On 1 November 2017, MoneySavingExpert (MSE) published a report into the ability of “ombud schemes” to fulfil their purpose. They concluded that ombud schemes are perceived as biased by many users, that compliance with ombuds’ processes and decisions is poor, and that a tightening of regulations around the use of the title ‘ombudsman’, alongside a strengthening of powers available to them, are necessary.
Now a blog by Nial Vivian of the UK Administrative Justice Institute, attempts to place the report by MSE within the existing scope of research conducted on ombud schemes and consumer ADR and assess what it adds to the wider discourse.
His conclusions include the following:
What might protect the authority of an ombud, engender greater public confidence in decisions made through a layer of assurance, and guard against any concerns against bureaucratic manipulation of users’ expectations of justice, is an arena where substantive decisions could be reviewed in specific cases, and the results published, with remedial action taken where necessary.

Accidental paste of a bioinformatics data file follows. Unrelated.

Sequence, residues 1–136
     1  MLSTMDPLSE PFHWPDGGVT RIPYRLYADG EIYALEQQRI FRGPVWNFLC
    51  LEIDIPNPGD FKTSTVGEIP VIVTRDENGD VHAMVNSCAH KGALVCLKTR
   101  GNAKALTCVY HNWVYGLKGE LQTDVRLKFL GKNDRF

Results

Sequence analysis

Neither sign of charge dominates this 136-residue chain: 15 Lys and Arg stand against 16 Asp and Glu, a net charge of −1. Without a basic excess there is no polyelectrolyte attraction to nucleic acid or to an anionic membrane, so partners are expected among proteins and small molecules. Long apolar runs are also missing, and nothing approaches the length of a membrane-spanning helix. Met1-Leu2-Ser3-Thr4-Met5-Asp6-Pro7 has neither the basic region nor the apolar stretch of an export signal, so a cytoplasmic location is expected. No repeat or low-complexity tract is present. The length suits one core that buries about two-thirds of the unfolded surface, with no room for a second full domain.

If only ! It’s the inability to independently review or appeal decisions which causes so much concern for ombud scheme users.